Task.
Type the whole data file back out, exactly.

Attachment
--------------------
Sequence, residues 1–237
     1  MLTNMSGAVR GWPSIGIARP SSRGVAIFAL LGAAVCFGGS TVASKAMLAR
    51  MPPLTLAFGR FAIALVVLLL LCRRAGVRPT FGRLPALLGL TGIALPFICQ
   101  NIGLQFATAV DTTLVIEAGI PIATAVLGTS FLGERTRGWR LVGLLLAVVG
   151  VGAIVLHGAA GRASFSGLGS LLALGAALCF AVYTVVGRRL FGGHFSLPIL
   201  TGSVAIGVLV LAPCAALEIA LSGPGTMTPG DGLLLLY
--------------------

Sequence, residues 1–237
     1  MLTNMSGAVR GWPSIGIARP SSRGVAIFAL LGAAVCFGGS TVASKAMLAR
    51  MPPLTLAFGR FAIALVVLLL LCRRAGVRPT FGRLPALLGL TGIALPFICQ
   101  NIGLQFATAV DTTLVIEAGI PIATAVLGTS FLGERTRGWR LVGLLLAVVG
   151  VGAIVLHGAA GRASFSGLGS LLALGAALCF AVYTVVGRRL FGGHFSLPIL
   201  TGSVAIGVLV LAPCAALEIA LSGPGTMTPG DGLLLLY